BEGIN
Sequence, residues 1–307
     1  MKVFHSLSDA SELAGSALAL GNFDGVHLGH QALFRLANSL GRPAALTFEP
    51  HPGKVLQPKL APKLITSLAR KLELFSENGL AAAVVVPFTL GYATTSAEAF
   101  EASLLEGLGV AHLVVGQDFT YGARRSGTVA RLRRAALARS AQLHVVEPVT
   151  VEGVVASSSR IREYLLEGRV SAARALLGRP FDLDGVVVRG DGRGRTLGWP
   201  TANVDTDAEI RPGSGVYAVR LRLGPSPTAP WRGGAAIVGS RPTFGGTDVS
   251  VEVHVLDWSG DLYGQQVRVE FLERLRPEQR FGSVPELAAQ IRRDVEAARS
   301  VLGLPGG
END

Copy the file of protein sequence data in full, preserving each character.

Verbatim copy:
Sequence, residues 1–307
     1  MKVFHSLSDA SELAGSALAL GNFDGVHLGH QALFRLANSL GRPAALTFEP
    51  HPGKVLQPKL APKLITSLAR KLELFSENGL AAAVVVPFTL GYATTSAEAF
   101  EASLLEGLGV AHLVVGQDFT YGARRSGTVA RLRRAALARS AQLHVVEPVT
   151  VEGVVASSSR IREYLLEGRV SAARALLGRP FDLDGVVVRG DGRGRTLGWP
   201  TANVDTDAEI RPGSGVYAVR LRLGPSPTAP WRGGAAIVGS RPTFGGTDVS
   251  VEVHVLDWSG DLYGQQVRVE FLERLRPEQR FGSVPELAAQ IRRDVEAARS
   301  VLGLPGG